Just when you think it couldn't get much worse in the military commissions at Guantánamo, something happens to prove you wrong. It all began in late January when, during pretrial hearings in the case against five men accused in the 9/11 attacks, the audio feed -- which runs on a 40-second delay to prevent leaks of classified information -- was abruptly cut off. The media and observers, who sit behind a soundproof glass wall at the back of the court, noted the silence. But the cut surprised even the military judge, who believed he was the only one with authority to press the button and who did not consider the information being discussed at that moment classified.
The audio cutoff was initiated "not by me," the judge, Army Col. James Pohl, said angrily at the time, and "I'm curious as to why." He added, "If some external body is turning the commission off under their own view of what things ought to be … then we are going to have a little meeting about who turns that light on or off."
It turns out the judge wasn't the only one with the ability to cut off the feed. Apparently, an entity known as the "original classification authority" had the power as well -- but no one, not even the judge, appeared to realize that up until then. Although no one will say officially, the classification authority is likely the Central Intelligence Agency, because most of the information subject to censorship in the case appears to relate to the torture and secret detention the defendants experienced at the hands of the CIA.
The incident prompted defense attorneys to ask: What else was being monitored that they didn't know about? And did that include attorney-client communications? Pohl thought the question important enough that he moved investigation of it by attorneys to the top of the hearing agenda, postponing all other pending issues.
The confidentiality of attorney-client communications is a fundamental element of U.S. justice. And people running the Guantánamo Bay facility had made repeated promises it was being protected. According to the Miami Herald, on March 6, 2012, the then-prison camp commander, Navy Rear Adm. David Woods, wrote to Southern Command, the military region that includes Guantánamo, that at the place where lawyers meet the accused "no microphones are installed to ensure privacy between the attorney and client is maintained."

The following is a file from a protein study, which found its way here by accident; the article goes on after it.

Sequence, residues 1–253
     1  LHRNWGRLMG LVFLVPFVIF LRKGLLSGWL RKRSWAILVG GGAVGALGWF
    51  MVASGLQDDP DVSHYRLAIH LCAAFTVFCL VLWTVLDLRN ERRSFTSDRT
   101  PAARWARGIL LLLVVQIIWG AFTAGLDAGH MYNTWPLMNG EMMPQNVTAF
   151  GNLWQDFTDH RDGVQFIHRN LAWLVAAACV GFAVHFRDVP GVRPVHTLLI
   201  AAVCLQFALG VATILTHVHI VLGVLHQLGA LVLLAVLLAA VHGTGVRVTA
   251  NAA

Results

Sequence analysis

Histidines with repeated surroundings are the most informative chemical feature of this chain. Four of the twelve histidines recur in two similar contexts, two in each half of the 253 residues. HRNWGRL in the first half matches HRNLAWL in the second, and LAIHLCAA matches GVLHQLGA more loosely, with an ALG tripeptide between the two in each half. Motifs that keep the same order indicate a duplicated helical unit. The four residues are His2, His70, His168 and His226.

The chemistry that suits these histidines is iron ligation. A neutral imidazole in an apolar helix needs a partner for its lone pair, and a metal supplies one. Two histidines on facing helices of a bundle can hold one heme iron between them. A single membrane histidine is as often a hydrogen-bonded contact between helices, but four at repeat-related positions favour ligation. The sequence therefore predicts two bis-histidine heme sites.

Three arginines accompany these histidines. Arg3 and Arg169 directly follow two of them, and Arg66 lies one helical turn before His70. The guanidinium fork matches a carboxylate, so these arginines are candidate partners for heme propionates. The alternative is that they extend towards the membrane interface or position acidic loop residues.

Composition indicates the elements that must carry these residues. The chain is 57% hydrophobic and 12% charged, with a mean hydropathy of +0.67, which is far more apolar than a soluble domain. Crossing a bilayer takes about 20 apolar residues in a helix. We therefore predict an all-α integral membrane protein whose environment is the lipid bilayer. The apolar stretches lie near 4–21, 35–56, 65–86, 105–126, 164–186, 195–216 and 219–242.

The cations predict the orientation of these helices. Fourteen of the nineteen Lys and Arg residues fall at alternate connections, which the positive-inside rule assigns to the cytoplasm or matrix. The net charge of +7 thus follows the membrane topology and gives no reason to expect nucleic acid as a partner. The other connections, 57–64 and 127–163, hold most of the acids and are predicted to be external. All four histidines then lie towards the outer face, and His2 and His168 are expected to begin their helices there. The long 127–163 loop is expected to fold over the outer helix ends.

Thus, it was extremely disturbing to learn, when the hearings continued last week, that listening devices disguised as smoke detectors had been installed in attorney-client meeting rooms.
Defense attorneys and their clients had long suspected they were being monitored. "My client raised the issue that we were being listened to," said Cheryl Bormann, defense attorney for Walid bin Attash, a Yemeni who is accused of trying to obtain a U.S. visa to receive pilot training and take part in the 9/11 attacks. "And I said to him, 'Of course not,' just like I say to every client I ever represented." But she wanted more assurance. One day, while meeting with her client, she pointed to a smoke detector in the room and asked the guard: "Mr. Guard, is that a listening device? And he said, 'Of course not.'"
In previewing testimony she was about to present, Bormann told the judge about the listening device. The next day, she called to the witness stand Navy Capt. Thomas Welsh, the prison camp's chief staff attorney, who testified that indeed the smoke detectors in the rooms were listening devices. He said he was surprised to learn so himself and only discovered it when he walked by one day and saw someone with headphones listening to a conversation going on in one of the rooms. When he asked questions about it, he learned that an FBI agent was listening in on discussion among a detainee, the prosecutor, and defense lawyers who were discussing a possible plea deal. Welsh said, however, that this was the only time he knew of that one of the devices had been used and assured the court that they were not being used to listen in on attorney-client conversations.